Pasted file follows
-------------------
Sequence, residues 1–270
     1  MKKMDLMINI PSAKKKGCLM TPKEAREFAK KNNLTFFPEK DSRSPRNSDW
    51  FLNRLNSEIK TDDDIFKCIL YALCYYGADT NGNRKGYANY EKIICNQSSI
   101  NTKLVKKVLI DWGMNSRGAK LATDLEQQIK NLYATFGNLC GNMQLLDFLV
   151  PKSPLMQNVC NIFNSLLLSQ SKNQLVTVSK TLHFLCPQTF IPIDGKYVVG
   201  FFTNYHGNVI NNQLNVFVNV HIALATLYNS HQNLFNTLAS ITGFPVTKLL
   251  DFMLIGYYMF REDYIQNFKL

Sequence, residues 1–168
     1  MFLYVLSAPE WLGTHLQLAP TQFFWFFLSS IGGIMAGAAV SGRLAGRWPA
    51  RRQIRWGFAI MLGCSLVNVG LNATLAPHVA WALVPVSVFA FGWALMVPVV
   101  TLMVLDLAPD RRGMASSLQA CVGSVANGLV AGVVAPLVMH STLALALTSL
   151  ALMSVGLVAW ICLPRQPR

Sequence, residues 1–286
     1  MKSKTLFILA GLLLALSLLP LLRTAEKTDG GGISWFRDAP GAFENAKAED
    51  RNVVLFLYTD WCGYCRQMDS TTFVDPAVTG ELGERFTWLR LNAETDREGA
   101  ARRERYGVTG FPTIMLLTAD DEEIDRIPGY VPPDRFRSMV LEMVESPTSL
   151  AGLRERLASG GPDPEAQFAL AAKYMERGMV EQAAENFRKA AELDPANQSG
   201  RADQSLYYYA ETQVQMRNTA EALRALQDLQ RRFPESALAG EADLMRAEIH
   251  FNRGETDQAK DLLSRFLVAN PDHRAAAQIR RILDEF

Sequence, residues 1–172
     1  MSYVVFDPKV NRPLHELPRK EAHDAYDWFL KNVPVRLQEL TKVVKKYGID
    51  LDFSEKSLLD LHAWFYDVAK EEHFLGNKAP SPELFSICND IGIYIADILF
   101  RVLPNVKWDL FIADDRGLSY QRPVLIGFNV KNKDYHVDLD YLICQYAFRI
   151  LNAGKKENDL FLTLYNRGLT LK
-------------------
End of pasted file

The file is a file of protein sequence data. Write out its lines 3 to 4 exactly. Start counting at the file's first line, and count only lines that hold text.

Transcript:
    51  FLNRLNSEIK TDDDIFKCIL YALCYYGADT NGNRKGYANY EKIICNQSSI
   101  NTKLVKKVLI DWGMNSRGAK LATDLEQQIK NLYATFGNLC GNMQLLDFLV